COMMENCEMENT OF THE PROCEDURE: Once the ADR Entity receives the complaint, it informs the parties whether it agrees or refuses to deal with the particular dispute (always in accordance with Directive 2013/11/EU) and informs the parties of its procedural regulations and the costs of the chosen dispute resolution process.

DISPUTE RESOLUTION: According to article 10 of the Regulation, the ADR Entity that agreed to handle the dispute should:

a) conclude the ADR procedure within the deadline referred to in point (e) of Article 8 of Directive 2013/11/EU;

 

b) not require the physical presence of the parties or their representatives, unless its procedural rules provide for that possibility and the parties agree;

 

c) without delay transmit the following information to the ODR platform:

i) the date of receipt of the complaint file;

 

ii) the subject-matter of the dispute;

 

iii) the date of conclusion of the ADR procedure;

 

iv) the result of the ADR procedure;

 

d) not be required to conduct the ADR procedure through the ODR platform

 

PRESENCE OF THE PARTIES: As mentioned in the above article, the process takes place online through the platform and the procedural rules for resolving the dispute of the selected ADR Entity are followed. The only case in which the procedure may take place in the physical presence of the parties is (a) if the procedural rules of the ADR Entity allow it and (b) the parties agree to it.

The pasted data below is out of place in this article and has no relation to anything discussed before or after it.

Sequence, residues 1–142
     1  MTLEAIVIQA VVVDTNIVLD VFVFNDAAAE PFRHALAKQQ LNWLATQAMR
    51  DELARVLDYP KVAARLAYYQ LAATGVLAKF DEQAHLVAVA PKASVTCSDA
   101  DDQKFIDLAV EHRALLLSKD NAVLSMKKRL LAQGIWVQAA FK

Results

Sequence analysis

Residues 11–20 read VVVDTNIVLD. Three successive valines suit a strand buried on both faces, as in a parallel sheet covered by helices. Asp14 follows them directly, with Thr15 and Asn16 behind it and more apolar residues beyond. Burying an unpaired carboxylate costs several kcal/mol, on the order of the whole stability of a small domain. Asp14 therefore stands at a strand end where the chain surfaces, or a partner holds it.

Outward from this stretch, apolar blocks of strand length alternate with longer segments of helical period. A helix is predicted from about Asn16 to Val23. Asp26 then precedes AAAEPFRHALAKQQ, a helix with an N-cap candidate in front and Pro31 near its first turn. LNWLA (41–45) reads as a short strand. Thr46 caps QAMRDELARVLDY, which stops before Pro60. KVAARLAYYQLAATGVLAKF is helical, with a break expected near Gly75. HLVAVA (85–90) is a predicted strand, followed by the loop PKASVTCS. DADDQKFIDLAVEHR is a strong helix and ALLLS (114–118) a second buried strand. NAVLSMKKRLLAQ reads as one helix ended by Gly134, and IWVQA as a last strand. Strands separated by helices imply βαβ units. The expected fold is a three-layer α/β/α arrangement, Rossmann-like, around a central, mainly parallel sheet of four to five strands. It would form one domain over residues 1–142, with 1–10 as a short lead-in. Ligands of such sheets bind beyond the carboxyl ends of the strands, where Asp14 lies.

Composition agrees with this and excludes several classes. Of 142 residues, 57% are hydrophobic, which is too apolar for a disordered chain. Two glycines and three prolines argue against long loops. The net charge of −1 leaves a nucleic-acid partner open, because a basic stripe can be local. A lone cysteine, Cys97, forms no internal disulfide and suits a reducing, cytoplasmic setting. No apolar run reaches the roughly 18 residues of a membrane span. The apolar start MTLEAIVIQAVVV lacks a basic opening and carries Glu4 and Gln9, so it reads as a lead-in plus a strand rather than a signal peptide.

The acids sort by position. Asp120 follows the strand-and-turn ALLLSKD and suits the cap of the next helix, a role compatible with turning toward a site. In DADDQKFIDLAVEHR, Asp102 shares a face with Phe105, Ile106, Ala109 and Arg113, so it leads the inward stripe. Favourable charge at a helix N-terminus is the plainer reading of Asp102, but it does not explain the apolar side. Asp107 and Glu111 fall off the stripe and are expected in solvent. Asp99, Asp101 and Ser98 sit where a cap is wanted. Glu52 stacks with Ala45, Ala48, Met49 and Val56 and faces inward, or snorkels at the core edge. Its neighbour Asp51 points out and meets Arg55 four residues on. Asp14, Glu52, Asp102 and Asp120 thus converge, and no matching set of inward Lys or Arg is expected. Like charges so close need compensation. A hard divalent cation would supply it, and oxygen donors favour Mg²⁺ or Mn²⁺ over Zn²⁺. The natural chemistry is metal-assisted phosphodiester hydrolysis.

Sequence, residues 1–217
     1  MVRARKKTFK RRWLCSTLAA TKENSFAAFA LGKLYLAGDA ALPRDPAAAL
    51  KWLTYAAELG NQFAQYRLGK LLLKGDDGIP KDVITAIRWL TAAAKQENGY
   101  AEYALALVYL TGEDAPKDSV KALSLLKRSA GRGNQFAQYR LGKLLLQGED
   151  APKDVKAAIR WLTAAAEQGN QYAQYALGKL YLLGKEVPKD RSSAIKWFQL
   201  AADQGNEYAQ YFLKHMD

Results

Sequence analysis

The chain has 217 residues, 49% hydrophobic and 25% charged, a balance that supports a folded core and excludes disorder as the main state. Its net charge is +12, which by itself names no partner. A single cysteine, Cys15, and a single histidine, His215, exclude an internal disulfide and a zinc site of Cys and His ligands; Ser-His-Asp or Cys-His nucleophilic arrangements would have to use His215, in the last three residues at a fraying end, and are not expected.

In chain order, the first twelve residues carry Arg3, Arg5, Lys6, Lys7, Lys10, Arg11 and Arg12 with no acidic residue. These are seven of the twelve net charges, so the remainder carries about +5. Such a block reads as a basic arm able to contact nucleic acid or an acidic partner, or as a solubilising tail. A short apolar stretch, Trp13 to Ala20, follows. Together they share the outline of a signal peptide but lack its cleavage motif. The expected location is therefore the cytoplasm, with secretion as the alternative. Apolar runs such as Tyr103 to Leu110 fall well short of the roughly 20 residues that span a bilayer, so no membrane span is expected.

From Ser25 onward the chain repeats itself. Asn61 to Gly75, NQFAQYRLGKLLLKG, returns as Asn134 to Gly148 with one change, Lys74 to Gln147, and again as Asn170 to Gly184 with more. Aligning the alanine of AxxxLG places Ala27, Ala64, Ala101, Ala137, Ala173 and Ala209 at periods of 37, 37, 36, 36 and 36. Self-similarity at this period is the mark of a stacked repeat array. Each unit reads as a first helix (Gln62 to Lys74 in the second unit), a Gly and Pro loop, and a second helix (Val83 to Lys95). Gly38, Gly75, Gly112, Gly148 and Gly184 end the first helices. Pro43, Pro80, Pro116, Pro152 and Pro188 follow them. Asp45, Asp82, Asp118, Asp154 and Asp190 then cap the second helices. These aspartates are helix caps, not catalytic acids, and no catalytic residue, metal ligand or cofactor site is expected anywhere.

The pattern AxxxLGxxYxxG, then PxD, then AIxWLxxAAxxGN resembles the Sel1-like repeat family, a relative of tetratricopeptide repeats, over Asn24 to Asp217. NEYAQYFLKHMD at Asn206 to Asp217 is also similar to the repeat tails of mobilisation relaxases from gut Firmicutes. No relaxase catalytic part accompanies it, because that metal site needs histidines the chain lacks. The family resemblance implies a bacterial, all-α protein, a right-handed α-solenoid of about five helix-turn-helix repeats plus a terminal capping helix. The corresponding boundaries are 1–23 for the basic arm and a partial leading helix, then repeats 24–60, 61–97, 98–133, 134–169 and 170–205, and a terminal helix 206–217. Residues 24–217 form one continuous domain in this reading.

3.3.              Personal Data

The Regulation places particular emphasis on the protection of personal data. First of all, it should be noted that, in relation to the electronic complaint form, only information that is accurate, relevant, and not excessive in relation to the purposes for which it is collected is processed. A complaint that is not fully completed will not be processed, and in such case the complainant is informed that his complaint cannot be further processed, unless the missing information is provided.

According to article 11 of the Regulation, the Commission takes the necessary measures to create and maintain an electronic database in which it stores the information processed.

Access to the necessary information constituting the dispute is limited to the ADR Entity and – to the extent necessary for the fulfillment of their duties as well as for platform maintenance purposes – the ODR contact points and the Commission.

The data retention period in the ODR platform is 6 months from the date of completion of the dispute investigation process.

RESPONSIBLE FOR PROCESSING: ODR consultants and ADR Entities are considered data controllers for their own activities.

DATA SECURITY: ODR contact points are subject to the rules of professional secrecy or other equivalent confidentiality obligations set out in the legislation of the relevant MS. The Commission, for its part, must take appropriate technical and organizational security measures.

3.4.              Statistical Data

According to the Commission’s report regarding the operation of the ODR platform in the year 2020, it is important to mention the following in relation to the use of the ODR platform:

  • A total of 17,641 fully completed complaints were registered.
  • 50% of complaints registered are cross-border.